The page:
Sappho of Lesbos

A woman oF mystery

Sappho is a Greek poet who is believed to have lived from around 600 BCE. It is almost impossible to be certain of most of what is known about Sappho as most of what we know about her was written after her death and most wasn't written until up to a century and a half later.

The tentH muse

Even though most of her poems were lost, Sappho is still know as the greatest female poet of Antiquity. She was most likely one of very few, if any, female poets of the time however. But to say this diminishes her title would be jumping to the wrong conclusion. Plato praised Sappho's work, even referring to her as "The Tenth Muse". Solon -an Athenian statesman, lawmaker and poet- was so enamoured with one of her songs that he asked to be taught it and when asked why he allegedly replied "So that I may learn it, then die."

Antiquity poet to queer icon

Many of Sappho's poems were romantic poems about other women, leading many to believe Sappho was homosexual. Sappho and her birthplace have lent two names to queer women: Lesbian, which originally indicated that one was from the isle of Lesbos like Sappho was, and Sapphic derived from Sappho's name. And whilst some argue that Sappho's poetry is not autobiographical or that having a lover, especially a homosexual lover, in Ancient Greece was more about politics than romance, it does not detract from the legacy Sappho has given to queer women.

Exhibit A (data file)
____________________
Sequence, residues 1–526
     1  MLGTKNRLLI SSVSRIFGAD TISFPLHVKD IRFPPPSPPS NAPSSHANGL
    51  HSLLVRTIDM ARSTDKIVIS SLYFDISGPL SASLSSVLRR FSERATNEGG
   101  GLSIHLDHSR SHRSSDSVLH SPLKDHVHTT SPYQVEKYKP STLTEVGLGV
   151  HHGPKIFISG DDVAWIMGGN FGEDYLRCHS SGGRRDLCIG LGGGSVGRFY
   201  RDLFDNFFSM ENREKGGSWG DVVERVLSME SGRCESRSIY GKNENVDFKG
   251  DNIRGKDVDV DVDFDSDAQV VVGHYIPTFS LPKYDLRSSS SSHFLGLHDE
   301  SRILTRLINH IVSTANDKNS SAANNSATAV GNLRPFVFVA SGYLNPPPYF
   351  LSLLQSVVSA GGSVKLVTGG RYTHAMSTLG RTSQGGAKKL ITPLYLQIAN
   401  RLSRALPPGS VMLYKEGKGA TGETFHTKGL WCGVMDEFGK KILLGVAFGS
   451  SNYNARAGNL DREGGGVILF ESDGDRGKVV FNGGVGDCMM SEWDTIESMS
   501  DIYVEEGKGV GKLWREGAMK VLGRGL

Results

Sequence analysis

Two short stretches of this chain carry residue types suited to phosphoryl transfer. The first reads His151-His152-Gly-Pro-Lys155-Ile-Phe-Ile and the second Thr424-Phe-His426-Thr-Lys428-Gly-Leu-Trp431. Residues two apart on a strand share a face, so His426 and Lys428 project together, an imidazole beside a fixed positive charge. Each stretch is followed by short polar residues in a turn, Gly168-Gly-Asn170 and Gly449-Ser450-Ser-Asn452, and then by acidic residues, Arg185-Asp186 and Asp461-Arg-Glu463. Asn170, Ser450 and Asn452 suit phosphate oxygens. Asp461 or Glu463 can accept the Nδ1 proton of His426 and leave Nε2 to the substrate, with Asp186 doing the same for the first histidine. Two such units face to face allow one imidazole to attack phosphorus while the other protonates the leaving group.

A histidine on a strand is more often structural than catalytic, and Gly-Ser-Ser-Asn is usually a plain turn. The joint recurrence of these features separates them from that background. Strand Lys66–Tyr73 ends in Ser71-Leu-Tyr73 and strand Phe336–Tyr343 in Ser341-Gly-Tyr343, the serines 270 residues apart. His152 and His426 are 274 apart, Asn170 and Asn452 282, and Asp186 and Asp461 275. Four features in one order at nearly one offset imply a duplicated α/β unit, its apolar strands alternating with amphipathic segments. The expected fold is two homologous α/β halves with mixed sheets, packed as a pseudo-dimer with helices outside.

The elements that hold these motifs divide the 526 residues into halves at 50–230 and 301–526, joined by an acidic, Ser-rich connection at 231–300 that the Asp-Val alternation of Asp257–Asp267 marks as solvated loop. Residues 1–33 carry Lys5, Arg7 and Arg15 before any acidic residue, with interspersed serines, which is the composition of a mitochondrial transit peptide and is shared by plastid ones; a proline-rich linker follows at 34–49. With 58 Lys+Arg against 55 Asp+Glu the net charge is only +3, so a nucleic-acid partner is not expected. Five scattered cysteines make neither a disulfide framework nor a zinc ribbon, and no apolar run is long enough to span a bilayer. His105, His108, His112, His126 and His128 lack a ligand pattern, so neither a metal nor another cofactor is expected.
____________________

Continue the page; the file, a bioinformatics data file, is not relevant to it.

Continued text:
A lover's leap?

Much like her life, nothing is certain about Sappho's death. An Athenian playwright named Menander created the story that Sappho had killed herself by jumping off the Leucadian cliffs after suffering heartbreak due to her unrequited love of a Ferryman named Phaon. However scholars are highly doubtful that this story is true. She most likely died of natural causes in her old age, however this cannot be confirmed.

Credits:

Created with images by tonynetone - "Sappho" • dalbera - "Sapho (Musée Bourdelle, Paris)" • leoncillo sabino - "Sappho. Marble. 1895. Comte Prosper D´Epinay. 1836-1914."

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